With Corporate Social Responsibility (CSR) being made mandatory in the form of Section 135 of the Companies Act 2013, corporates have now begun to recognise CSR as a core activity, and are looking to find innovative ways to effectively utilise their CSR fund. This has brought to the fore the role that NGOs and other implementing agencies can jointly play along with corporates in order to achieve what is known as collective impact.
Firstly, the importance of collective impact has been made clear in the legislation itself, which calls for and encourages companies to utilise the expertise of non-profits with a credible work record of three years or more. An NGO’s interventions can be spread to geographies that a corporate has its presence in, while also being complemented by the corporate’s wherewithal, and as such the impact of the programme can be more widespread, as was seen with the association between Social Venture Partners (SVP) and Hand-in-Hand. Apart from providing funding to Hand-in-Hand’s fight against child labour, SVP’s IT expertise has helped in the establishment of a robust management information system (MIS) for the NGO’s operations.
Further, the legislation also allows the companies to collaborate with other corporates in joint initiatives that can achieve greater impact with more capital. One such collaboration that led to very effective outcomes is that of Bharti Airtel, Star Global Resources and IFFCO Kisan Sanchar Limited (IKSL) where they empowered the farmers by providing them information and services such as free voice messages and a dedicated helpline to interact with experts through a robust communication network. About 13 lakh active farmers under IKSL are benefitting from this initiative.
Another good example is the association between Save the Children (a non-profit organisation) and global health care giant GlaxoSmithKline that are collaborating in an innovative initiative to transform an antiseptic (used in mouthwash) into a life-saving product for new-born babies. They have also come out with the powder form of an antibiotic that combats pneumonia, further demonstrating the value of mission-focussed cross-sector collaborations in addressing and resolving needs.(Full article:The future is bright for corporate-NGO partnerships despite challenges)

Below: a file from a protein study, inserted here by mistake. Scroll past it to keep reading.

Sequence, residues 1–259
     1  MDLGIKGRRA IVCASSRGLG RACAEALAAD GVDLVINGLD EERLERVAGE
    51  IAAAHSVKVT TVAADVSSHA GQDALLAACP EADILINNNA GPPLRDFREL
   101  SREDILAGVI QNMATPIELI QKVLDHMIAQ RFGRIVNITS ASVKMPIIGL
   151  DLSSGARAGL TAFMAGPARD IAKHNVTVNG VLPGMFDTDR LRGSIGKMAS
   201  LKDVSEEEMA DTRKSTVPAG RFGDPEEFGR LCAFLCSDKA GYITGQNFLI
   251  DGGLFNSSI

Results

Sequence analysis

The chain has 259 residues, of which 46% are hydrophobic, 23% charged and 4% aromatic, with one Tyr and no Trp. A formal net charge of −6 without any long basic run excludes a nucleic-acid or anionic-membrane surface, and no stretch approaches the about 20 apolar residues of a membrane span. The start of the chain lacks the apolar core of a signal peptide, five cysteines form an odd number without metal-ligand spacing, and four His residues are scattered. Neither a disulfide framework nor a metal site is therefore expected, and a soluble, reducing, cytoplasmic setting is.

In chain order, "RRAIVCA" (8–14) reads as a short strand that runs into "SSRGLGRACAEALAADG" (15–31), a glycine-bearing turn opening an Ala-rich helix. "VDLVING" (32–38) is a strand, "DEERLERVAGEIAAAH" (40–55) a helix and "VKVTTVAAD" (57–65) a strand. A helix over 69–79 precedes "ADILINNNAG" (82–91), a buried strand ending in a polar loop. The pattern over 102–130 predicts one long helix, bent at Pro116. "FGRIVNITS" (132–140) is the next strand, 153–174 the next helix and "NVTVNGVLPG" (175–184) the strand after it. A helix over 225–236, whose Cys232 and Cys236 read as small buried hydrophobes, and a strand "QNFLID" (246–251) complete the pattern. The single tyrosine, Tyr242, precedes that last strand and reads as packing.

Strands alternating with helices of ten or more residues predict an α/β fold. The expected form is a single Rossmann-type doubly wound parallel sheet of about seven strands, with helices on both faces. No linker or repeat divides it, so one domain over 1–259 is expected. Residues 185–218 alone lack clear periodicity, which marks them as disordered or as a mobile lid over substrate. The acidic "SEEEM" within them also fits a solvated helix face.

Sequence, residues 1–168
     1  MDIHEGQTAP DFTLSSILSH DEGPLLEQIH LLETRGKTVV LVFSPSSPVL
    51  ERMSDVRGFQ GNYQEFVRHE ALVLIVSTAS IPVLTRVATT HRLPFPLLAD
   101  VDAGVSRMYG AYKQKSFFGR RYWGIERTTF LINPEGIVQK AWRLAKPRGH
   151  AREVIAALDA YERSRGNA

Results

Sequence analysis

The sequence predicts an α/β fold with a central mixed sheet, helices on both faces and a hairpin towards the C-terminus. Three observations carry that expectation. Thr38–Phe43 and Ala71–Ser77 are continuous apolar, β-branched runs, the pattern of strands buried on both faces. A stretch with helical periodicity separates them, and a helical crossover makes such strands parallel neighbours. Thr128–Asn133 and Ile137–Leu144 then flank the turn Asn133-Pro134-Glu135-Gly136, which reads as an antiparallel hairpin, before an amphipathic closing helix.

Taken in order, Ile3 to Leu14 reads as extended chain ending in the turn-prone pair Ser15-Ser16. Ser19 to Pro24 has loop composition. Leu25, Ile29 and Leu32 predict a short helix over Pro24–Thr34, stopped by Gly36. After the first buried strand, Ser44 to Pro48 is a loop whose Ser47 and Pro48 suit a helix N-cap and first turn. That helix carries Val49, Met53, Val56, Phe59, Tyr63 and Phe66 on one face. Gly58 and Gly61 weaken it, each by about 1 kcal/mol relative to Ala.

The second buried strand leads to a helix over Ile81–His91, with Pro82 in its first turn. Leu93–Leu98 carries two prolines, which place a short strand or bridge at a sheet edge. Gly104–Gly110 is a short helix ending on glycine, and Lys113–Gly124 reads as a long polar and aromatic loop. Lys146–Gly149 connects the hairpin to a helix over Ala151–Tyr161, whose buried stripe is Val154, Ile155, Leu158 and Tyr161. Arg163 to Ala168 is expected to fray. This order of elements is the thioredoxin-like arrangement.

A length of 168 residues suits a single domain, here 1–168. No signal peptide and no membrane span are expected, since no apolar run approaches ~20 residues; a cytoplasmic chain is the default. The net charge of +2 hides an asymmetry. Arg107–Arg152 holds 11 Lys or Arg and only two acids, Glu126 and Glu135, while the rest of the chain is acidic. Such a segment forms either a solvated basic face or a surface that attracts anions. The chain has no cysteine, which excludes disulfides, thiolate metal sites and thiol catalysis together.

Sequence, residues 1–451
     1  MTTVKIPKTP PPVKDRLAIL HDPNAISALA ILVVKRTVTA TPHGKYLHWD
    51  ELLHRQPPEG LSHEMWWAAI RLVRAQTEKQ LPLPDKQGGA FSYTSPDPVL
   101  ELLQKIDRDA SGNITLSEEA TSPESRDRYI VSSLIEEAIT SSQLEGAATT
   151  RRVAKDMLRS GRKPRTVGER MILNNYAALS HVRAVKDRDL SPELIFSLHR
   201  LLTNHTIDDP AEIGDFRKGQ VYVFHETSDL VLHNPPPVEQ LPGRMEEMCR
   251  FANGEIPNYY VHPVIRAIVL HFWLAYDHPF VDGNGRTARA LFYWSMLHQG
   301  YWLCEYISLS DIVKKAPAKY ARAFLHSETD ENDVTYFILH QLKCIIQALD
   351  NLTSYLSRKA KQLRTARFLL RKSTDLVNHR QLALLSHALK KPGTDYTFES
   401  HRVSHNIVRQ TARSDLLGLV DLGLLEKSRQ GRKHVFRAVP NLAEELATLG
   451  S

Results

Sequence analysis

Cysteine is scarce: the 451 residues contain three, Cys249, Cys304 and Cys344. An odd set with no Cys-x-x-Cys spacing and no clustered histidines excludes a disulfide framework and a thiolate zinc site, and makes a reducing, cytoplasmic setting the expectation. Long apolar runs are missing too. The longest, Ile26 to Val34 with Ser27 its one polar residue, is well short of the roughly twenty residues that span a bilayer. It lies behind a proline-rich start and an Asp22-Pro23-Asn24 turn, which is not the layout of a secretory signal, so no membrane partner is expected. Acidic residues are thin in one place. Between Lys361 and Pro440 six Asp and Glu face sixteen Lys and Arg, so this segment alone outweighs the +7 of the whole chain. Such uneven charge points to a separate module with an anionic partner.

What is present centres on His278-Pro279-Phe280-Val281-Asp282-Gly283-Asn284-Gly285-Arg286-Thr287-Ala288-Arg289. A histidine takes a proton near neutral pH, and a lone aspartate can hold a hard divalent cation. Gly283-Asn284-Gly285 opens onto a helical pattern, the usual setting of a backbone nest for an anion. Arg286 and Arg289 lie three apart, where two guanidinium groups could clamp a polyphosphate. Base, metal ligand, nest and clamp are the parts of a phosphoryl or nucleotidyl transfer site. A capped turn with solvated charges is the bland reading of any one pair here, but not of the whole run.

As seen, collaborations and associations make for an effective business case with respect to achieving maximum impact for a given CSR capital investment. While there can be apprehensions and concerns raised on the ease of tracking data and progress amidst collaborations, the reporting requirements have ensured that the process is transparent with corporates having to disclose their funds spent in each collaboration.
NGOs on their part have never been better positioned than now to be the consumers of a large quantum of capital. The premise of companies wanting to associate with them in their efforts not only fuels their cause directly but also increases the visibility of their work, thus building trust and credibility for them.
In order to facilitate a conducive scenario for companies to associate with NGOs in their CSR initiatives, a comprehensive database enlisting all NGOs (that a corporate could choose from) and the work done by them could be a helpful tool. The Indian Institute of Corporate Affairs (IICA) is planning a series of activities and initiatives such as developing a national NGO hub, and setting up a collaborative projects CSR portal.
In a Google Hangout organised by NextGen, after the Bill was passed, Sachin Pilot, Minister for Corporate Affairs addressed the panel comprising corporate heads and NGO leaders, strongly advocating the need for collaborative projects and a comprehensive database.
“There are companies who don’t know where to put the money or do not have the knowledge or information and there are NGOs, Non-Profits who are doing good work in those areas. We are trying to fill a database where you can put such people in touch with each other (sic)”
Further, he pointed out that there are about 600 districts in India and there are always projects that are short of funds.
“A company is making floor tiles or furniture, another company is making hardware electronics or TV screens and another company has an HR firm. And if they all put together [their resources] they can create a good vocational training centre, skill building centre for girls and boys and young adults and that has much more value than just donating money to put tyres or paint a building.”
While implementation of Section 135 is still in its nascent stages with companies trying to get a hang of what needs to be done and how, collaborative projects may take a few years to come up and yield results. However, in the long run, in order to solve India’s long term and large scale issues, it would be necessary for the industry to work towards collective impact which can make use of expertise and capacity required to achieve the desired outcomes.
- (By Prerana Manvi and Abhinav Prakash)